In 2005, Nano Nagle – the founder of the Presentation Sisters – was voted ‘Ireland’s Greatest Woman’. Today, such has been the relentless focus on the minority of nuns who betrayed their vocation and inflicted abuse on those in their care, it’s hard to know whether she would even make it to a shortlist.
The 18th-century nun left a remarkable legacy in Ireland and throughout the world. Growing up under the harsh Penal Laws, her well-to-do Catholic family had remarkably managed to hold on to their land. She was educated in France and was part of high society in Paris before entering a convent there.
She soon returned to Cork and opened a network of schools that prioritised the education of indigent boys and girls in the city. She became the first woman since St Brigid to found a congregation of women religious in Ireland.
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Nano herself died of TB in 1794, but her charisma spread far and wide and there were soon schools all over Ireland, North America, India, Australia and New Zealand.
Years before the State saw fit to provide free secondary education in 1968, the Presentation Sisters were pioneers – particularly in the education of girls.
Nano was not alone: Mary Aikenhead founded the Religious Sisters of Charity and some of her earliest followers died having contracted infectious diseases from the poor people they worked with. Catherine McAuley founded the Sisters of Mercy as a corps of social workers to care for the forgotten poor all over Ireland.
In 1800, there were just 120 nuns in Ireland. By 1900, there were 8,000 working in communities all across the country – the vast majority of them doing nothing but good.
Notwithstanding the horrendous and heart-breaking abuse revealed in recent years, religious congregations made an incalculably positive contribution to the people of Ireland and formed those who would go on to take up leadership positions in the fight for emancipation and Independence and in the nascent state.
But if you were a visitor from Mars watching Irish television, you’d be forgiven for thinking that nuns were a nasty cult rivalled for brutality only by the British.
I never expect too much from RTÉ historical dramas. They’re usually well-produced and acted, but rarely do justice to complex history. Take ‘Resistance’ on Sunday night, which takes on to tell the story of the post-Easter Rising fight for Independence.
It wasn’t bad overall, but couldn’t resist the temptation to throw in nuns in the role of pantomime villains, taking a baby from a young woman and selling the child to wealthy Americans. The scene prompted one prominent journalist to observe on social media: “Brutal Brits, rotten bankers, saintly rebels and nasty nuns. No cliché left unturned.”
The cliché of the nasty nun or deviant priest is now a staple of Irish cinema and television.
Some of this is inevitably justified, the history of the Church in Ireland hasn’t been all great and too many men and women betrayed their commission and abused and neglected those in their care.
But, when was the last time you saw a priest or a nun portrayed in a positive light? This is despite the fact that it is self-evident that the overwhelming majority of clerics and religious lived lives of heroic self-sacrifice and brought immense good and consolation to those they served – often in difficult circumstances.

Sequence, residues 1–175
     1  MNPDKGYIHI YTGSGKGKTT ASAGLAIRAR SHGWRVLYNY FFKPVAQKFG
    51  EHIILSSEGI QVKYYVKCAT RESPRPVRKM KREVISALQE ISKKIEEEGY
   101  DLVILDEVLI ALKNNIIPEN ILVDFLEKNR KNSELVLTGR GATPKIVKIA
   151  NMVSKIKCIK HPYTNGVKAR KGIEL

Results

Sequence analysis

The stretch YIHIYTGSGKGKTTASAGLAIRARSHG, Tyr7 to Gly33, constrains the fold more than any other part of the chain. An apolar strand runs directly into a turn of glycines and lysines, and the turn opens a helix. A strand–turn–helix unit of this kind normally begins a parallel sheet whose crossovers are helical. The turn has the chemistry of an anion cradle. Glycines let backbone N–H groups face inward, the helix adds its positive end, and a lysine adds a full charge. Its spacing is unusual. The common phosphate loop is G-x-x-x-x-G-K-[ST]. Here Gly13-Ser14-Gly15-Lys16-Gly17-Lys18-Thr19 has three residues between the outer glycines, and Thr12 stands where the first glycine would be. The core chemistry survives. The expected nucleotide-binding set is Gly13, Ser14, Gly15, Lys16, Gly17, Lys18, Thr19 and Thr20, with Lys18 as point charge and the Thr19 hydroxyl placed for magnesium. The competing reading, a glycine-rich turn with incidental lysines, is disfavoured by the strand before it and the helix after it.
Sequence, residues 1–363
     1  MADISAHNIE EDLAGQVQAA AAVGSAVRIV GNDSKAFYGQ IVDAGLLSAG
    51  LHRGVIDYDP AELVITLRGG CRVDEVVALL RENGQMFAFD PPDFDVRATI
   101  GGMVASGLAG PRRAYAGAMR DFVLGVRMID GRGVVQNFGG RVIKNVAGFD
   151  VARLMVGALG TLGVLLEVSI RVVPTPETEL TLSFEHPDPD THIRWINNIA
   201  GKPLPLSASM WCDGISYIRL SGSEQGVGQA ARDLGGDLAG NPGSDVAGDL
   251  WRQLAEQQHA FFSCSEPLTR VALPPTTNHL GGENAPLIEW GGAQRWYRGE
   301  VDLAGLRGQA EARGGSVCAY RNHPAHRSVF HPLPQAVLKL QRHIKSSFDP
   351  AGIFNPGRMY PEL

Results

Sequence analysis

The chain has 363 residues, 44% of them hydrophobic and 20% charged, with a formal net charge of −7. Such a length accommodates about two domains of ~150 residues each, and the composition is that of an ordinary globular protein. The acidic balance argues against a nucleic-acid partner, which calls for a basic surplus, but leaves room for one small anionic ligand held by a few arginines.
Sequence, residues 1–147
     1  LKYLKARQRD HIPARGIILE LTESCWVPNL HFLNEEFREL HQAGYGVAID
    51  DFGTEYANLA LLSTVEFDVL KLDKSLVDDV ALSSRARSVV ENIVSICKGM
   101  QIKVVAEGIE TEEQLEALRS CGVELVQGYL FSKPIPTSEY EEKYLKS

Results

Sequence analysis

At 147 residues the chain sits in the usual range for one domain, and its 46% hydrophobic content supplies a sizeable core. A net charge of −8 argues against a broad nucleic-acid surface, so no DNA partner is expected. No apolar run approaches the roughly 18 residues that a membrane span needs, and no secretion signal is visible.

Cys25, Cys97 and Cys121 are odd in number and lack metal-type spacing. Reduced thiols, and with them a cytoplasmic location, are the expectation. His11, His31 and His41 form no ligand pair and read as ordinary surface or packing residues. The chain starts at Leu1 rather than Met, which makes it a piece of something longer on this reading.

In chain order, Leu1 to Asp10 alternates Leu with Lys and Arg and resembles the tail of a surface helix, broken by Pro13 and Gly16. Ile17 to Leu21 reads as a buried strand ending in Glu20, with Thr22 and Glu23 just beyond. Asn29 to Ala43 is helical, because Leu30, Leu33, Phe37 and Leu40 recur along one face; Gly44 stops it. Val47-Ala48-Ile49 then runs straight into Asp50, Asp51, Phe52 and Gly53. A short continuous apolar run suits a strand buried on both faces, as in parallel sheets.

Our nearest neighbours have been better at the balancing act. The BBC adaptation of ‘Les Misérables’ portrays the priest as not only good but saintly. Similarly, the new ‘Poirot’ is revealed as a former cleric who distinguished himself in wartime Belgium. Add to that the charming nuns in ‘Call the Midwife’, and Britain has more than enough positive portrayals of religious life to balance the bad eggs.
One of the reasons why history remains so contentious is that it informs the present. Just a few years ago, it would’ve been entirely uncontroversial to say that the good the Church has done in Ireland far outweighs the negatives. Today, many people would likely dispute that claim despite the clear evidence.
I’ve been in Killarney this week where I’ve spent a few days with the priests of the Kerry Diocese looking to the future. I experienced, to a man, a bunch of dedicated, committed and humble priests. As well as their usual round of duties, they spend their days visiting the sick, comforting the dying, consoling the bereaved and talking down the suicidal. So much of their ministry is hidden from view since very often people never see the value of a priest until they need one.
The priests I met are tired. Many of them are being pulled from pillar to post serving ever-greater geographical areas with fewer men coming after them.
They’re also tired of negative caricatures of themselves and other religious sisters and brothers in the media. They are as let down and horrified as anyone at the rotten behaviour of some of their confrères and the Church’s cover-up and obfuscation. But, they’re also sick to their stomach about the constant negative portrayal of what they do.
People in the pews are, too. Catholics know all too well that the priests and nuns that they know are selfless people who desire nothing other than to serve the people and try to make the world a better place.
In the midst of our ongoing crisis in homelessness, it’s not for nothing that the names that immediately come to mind are Sister Stan, Brother Kevin and Fr Peter McVerry. It’s high time that we corrected the balance sheet in Ireland and stopped scapegoating the vast majority of good and decent priests and nuns.
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